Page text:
In 1998, I met my immigrant husband in Chicago while I was in AmeriCorps and going to school. By that time, he had been in the US for almost 10 years–he had earned his GED, learned English, and moved up from his original position as dishwasher to become a kitchen manager. We fell in love. In 2002, we got married in his hometown in Mexico.
We were told that petitioning for his visa would be faster if we submitted our paperwork from outside of the country. Just six months after I submitted a petition on his behalf, we were called to Ciudad Juarez, supposedly for a “visa interview”. Instead of a visa, the Consulate gave him a 10-year bar as a punishment for two previous illegal entries into the country.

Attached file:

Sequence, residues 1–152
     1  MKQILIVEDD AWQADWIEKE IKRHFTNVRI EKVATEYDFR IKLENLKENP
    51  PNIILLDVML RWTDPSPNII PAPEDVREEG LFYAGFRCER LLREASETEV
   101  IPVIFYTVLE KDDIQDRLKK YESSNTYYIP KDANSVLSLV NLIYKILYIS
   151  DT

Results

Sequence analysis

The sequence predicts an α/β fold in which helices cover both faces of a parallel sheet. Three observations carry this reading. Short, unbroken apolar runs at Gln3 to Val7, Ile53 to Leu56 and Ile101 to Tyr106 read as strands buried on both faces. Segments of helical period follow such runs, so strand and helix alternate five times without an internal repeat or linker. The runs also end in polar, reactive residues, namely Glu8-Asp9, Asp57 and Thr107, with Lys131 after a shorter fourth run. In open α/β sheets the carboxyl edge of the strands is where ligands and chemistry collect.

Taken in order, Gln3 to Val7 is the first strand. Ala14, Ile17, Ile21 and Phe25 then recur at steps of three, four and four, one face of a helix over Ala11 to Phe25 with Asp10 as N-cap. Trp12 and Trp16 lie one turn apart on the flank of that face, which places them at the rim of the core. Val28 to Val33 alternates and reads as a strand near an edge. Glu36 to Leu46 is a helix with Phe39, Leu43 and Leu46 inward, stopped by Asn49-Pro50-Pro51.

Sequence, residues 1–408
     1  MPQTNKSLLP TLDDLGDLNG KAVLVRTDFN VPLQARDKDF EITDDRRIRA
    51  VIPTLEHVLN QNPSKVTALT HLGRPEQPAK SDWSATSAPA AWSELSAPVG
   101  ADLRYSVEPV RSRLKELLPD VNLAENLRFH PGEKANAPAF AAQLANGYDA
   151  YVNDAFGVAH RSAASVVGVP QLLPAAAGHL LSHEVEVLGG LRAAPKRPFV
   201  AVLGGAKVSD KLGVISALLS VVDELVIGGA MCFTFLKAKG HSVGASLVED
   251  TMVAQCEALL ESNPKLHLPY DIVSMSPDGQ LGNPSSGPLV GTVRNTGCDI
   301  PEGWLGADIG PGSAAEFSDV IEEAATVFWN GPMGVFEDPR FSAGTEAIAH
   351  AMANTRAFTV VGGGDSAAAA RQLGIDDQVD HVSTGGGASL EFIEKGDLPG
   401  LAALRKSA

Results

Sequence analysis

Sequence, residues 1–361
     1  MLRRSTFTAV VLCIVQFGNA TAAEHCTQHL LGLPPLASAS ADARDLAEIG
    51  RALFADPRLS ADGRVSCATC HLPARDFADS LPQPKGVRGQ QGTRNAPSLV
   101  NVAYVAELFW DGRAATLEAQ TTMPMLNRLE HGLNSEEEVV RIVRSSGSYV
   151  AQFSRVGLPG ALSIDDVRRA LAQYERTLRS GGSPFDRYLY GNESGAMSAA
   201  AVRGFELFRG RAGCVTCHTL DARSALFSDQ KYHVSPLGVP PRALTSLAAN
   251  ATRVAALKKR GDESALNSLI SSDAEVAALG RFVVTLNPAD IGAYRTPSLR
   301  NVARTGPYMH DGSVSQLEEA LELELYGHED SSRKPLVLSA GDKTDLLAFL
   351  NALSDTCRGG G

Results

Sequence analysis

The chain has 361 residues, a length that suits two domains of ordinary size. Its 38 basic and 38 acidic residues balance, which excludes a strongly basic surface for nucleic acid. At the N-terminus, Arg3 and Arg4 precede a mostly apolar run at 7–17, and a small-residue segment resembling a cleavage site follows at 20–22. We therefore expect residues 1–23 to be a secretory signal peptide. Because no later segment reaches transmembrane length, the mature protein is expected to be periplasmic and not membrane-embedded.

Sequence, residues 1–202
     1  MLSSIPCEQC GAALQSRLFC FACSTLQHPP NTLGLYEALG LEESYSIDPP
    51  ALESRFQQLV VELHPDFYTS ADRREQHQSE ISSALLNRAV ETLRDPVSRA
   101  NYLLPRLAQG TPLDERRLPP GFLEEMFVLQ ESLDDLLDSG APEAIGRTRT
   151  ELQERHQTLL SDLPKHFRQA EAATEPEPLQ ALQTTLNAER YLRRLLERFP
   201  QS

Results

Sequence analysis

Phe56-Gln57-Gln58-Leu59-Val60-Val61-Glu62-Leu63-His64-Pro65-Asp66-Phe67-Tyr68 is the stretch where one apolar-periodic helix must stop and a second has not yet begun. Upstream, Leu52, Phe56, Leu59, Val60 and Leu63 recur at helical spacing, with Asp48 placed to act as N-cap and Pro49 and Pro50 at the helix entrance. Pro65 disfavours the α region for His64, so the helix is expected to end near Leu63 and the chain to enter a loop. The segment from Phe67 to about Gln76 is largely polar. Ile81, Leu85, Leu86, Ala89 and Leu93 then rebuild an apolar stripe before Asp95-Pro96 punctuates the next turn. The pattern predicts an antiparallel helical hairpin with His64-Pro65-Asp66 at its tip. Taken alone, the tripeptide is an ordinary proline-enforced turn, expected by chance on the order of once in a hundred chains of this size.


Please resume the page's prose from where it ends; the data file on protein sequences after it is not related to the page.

As a citizen, I was forced to choose between life in exile or life without my husband. Neither option seemed just. For us, the 10-year bar meant “no hope left”, so we made the difficult choice to return to the US. I walked across the bridge to El Paso, my husband passed in the middle of the night, illegally, one last time.
We now have two boys who are 7 and 4 years old. We are always living on borrowed time and feel that at any minute everything that is our lives–our jobs, schools, friends–could be taken away from us. All it would take is a traffic ticket. When I tell people our story, they invariably say, “How is that possible?! You’re an American.”
Indeed, I am. It is a testament to how broken our immigration system is that it has even managed to force suffering on 1000s of good, law-abiding US citizen spouses and their children.